Hanging your TV frees tabletop space and also makes it visible from more parts of the room. Plan to get this job done one weekend. It’s really just a matter of careful measuring and driving a few screws. You’ll need these tools to do the job:

  • Cordless drill
  • Tape measure
  • Stud finder
  • Screwdrivers
  • Adjustable wrench
  • Socket/ratchet set
  • Level
  • Drywall saw
  • Utility knife
  • Masking tape

Follow the instructions including with your particular mounting hardware, paying close attention to setting the bracket level. You will likely need to have a couple of helpers on hand to help hold the TV in place for measuring.

#2. Add some storage

Another very effective project for making your home feel more spacious is the addition of shelves to help control clutter.  Shelves can also serve a decorative function, providing a place to display your favorite art or books, adding personality to your home.  

Installing custom shelving is a great weekend project, and there are many options and approaches to choose from. How you build yours can depend on the space you have available, the materials you want to use, and what they’re designed to store.

#3. Assemble new furniture

This is a project that you can’t rush, so the weekend can be best for tackling any sort of assembly. You may have a new accent table or some exercise equipment to put together. With a few basic tools, the task is ideal for the weekend.

#4. Repair a fence

Fences can be a great enhancement to your property, but they do require maintenance. Fixing loose boards or sagging gates can instantly revive a fence, and boost your home’s curb appeal.

#5. Install safety upgrades

Keeping your loved ones safe in their home is a great goal, and many safety upgrades are quick and easy. You can add child guards to cabinet doors, safety gates on stairways, and accessibility ramps anywhere they’re needed. Bracing furniture (like bookshelves) is also a great idea, especially in areas prone to earthquakes.

#6. Repair torn screens

A small detail, but well worth tending to. Torn screens are unsightly, and they don’t fulfill their function of keeping insects outside where they belong.

#7. Seasonal decorations

Decking your house out for holidays can be a really fun weekend project. Creating a festive and welcoming atmosphere can make special times at your home even more memorable. Keep in mind that the decorations have to be taken down and stored, as well, so allocate a weekend for that as well.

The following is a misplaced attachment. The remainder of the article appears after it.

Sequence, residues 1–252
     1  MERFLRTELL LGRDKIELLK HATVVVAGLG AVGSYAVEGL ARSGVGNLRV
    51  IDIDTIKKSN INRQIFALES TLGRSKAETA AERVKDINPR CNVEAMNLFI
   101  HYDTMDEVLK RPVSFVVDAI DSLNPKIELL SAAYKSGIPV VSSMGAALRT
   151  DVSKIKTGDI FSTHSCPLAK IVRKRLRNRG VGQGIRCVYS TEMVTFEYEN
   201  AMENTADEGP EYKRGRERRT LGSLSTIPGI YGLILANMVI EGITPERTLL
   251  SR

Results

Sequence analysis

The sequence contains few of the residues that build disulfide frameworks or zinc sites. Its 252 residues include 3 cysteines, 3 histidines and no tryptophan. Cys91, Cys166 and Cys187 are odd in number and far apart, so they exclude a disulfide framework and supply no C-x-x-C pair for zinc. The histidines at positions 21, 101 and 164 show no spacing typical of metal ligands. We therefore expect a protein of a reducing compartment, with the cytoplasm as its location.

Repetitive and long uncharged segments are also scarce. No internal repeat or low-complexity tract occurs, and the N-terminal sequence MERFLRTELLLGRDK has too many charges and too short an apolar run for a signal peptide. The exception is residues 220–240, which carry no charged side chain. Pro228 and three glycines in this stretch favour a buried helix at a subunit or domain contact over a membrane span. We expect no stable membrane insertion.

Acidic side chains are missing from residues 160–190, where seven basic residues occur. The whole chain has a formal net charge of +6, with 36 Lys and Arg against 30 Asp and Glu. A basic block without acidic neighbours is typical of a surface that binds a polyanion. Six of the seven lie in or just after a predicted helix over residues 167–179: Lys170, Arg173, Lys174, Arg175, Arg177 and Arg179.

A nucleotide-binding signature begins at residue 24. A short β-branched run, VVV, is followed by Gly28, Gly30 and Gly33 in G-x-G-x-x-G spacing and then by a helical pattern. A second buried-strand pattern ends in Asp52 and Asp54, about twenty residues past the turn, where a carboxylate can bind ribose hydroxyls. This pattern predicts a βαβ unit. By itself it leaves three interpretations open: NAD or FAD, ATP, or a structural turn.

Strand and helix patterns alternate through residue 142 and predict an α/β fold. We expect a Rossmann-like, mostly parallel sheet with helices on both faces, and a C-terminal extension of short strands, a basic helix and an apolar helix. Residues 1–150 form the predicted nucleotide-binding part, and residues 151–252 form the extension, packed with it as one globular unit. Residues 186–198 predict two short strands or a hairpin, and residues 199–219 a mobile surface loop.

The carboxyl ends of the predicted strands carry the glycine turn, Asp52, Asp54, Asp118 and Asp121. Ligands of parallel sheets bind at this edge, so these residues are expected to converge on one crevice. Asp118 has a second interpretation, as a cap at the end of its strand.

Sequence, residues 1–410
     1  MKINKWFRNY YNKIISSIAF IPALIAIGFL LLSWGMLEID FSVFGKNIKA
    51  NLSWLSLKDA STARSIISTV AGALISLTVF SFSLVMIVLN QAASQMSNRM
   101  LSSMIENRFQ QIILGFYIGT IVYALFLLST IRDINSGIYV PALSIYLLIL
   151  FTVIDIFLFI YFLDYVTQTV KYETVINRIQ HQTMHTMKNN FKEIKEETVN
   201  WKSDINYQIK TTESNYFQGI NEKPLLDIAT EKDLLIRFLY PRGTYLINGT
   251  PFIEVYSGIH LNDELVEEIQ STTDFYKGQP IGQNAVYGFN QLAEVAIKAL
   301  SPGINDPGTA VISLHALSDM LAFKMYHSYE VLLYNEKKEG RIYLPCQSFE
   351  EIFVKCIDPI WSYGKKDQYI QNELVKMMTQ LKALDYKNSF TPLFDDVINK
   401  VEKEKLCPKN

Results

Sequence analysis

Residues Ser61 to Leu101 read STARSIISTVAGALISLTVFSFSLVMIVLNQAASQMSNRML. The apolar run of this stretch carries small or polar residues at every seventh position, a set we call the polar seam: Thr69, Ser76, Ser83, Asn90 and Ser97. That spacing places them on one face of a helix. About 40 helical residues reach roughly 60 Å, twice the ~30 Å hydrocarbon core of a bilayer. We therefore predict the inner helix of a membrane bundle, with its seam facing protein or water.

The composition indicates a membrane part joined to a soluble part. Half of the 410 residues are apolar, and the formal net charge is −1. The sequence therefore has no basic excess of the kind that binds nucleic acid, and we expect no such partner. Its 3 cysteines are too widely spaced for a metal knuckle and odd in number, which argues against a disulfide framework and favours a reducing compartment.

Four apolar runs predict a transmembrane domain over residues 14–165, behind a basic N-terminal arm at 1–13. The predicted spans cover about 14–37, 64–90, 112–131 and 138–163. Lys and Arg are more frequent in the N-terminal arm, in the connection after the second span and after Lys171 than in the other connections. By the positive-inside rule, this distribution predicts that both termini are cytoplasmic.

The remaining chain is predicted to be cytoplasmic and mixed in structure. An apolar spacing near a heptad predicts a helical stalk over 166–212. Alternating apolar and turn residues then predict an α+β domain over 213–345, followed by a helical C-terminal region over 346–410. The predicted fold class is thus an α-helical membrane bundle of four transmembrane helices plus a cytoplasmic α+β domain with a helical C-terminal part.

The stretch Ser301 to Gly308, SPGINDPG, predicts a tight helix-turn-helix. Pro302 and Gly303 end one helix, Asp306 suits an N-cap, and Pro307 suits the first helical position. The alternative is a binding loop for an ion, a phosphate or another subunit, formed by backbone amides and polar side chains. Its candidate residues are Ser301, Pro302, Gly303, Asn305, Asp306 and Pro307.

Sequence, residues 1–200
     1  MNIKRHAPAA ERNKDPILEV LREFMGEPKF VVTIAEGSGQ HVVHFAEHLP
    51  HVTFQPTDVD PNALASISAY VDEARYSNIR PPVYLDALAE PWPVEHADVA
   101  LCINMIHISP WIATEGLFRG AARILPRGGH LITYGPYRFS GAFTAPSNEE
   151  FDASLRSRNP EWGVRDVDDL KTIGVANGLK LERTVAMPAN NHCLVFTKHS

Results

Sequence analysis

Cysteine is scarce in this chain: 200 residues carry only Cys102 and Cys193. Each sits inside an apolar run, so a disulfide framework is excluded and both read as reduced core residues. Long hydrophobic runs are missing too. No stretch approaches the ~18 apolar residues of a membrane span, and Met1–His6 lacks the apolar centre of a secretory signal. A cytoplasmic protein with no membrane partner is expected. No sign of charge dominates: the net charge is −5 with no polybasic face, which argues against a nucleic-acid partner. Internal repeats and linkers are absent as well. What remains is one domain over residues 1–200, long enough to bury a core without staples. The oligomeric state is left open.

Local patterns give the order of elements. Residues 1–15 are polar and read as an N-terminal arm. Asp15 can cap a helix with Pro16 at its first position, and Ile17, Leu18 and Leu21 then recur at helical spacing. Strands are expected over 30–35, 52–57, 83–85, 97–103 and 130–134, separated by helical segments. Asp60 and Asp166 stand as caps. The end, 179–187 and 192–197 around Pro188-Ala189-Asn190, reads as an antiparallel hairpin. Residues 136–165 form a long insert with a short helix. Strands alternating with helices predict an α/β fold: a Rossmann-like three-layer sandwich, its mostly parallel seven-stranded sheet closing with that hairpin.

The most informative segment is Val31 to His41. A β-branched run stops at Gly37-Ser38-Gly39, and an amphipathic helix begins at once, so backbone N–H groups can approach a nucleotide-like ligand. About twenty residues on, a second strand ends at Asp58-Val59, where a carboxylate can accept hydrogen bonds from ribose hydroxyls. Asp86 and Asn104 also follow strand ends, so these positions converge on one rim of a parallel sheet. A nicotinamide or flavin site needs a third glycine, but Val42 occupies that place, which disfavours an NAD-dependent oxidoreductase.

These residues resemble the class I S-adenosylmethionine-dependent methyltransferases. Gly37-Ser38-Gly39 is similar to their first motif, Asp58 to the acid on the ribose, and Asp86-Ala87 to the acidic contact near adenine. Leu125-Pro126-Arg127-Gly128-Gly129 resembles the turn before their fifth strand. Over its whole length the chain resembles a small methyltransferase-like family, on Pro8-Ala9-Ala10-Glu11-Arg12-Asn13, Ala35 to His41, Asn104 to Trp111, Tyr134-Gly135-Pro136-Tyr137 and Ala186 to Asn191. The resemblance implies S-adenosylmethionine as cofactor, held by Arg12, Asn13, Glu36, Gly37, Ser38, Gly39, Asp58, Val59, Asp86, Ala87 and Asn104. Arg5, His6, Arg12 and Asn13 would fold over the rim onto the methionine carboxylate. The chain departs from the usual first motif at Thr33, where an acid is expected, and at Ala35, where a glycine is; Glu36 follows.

#8. Outdoor living upgrades

Another seasonal aspect of your home is the outdoor living space. One great project to prepare for the summer months is a complete cleaning and servicing of your barbeque equipment. You can prolong the life of your grill with thorough cleaning. Corrosion and rust will keep a grill from performing at its best, so it’s important to get to parts like the burners and fire box, and to replace worn or broken parts.

#9. Add weather stripping

This weekend project may be invisible to the casual observer, but you can bet that it will be plain to see in your future energy bills. Refresh the weather stripping around doors and windows to keep your home more comfortable year round while also keeping energy costs under control.

#10. Install new light fixtures

This instantly updates the look of your home. You can add an eye-catching fixture on the front porch, or make your kitchen more functional by adding task lighting where you need it.

Getting the Help You Need

There are plenty of projects around the home that can be done in a weekend and have a big impact. For some of us, weekends are for relaxing and enjoying our home, not working.

If you’d like to get some upgrades done but can’t spare the time yourself, remember that Glasshouse can handle these jobs for you, as part of our on-demand services for members. Check out our site to see how a Glasshouse home maintenance subscription can free up your weekends and keep your house in tip-top shape.

Selling Your Home? Give Buyers Confidence with Glasshouse

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Preparing to sell your house means shifting your perspective a bit. You have to start seeing it not as your home, but as a place where others might want to live. As you probably know, there are dozens of things you can do to make the property more attractive to potential buyers.

Of course the initial impression that a home makes is critically important. That is what fuels the drive to improve curb appeal, make any necessary repairs, and upgrade fixtures and appliances.  It has spawned a whole industry, devoted to preparing and staging the home to make it more visually appealing, so that buyers can picture themselves living there.

Once prospective buyers get past the initial impression they are looking for indications of the home’s value. They want to decide whether to make an offer, and if so, how much the home is worth. Well-maintained features and systems show that a home has been well cared for, and buyers feel more confident about making an offer.

Keeping up with maintenance tasks, large and small, help a home retain its value. Industry observers tell us that neglecting maintenance can result in a 10 percent decrease in the value of a home. Without maintenance, an average home can depreciate by thousands of dollars.

When the time comes to sell that house, inspectors are likely to find a laundry list of needed repairs, and potential buyers can easily be scared off by the types of problems that will come to light.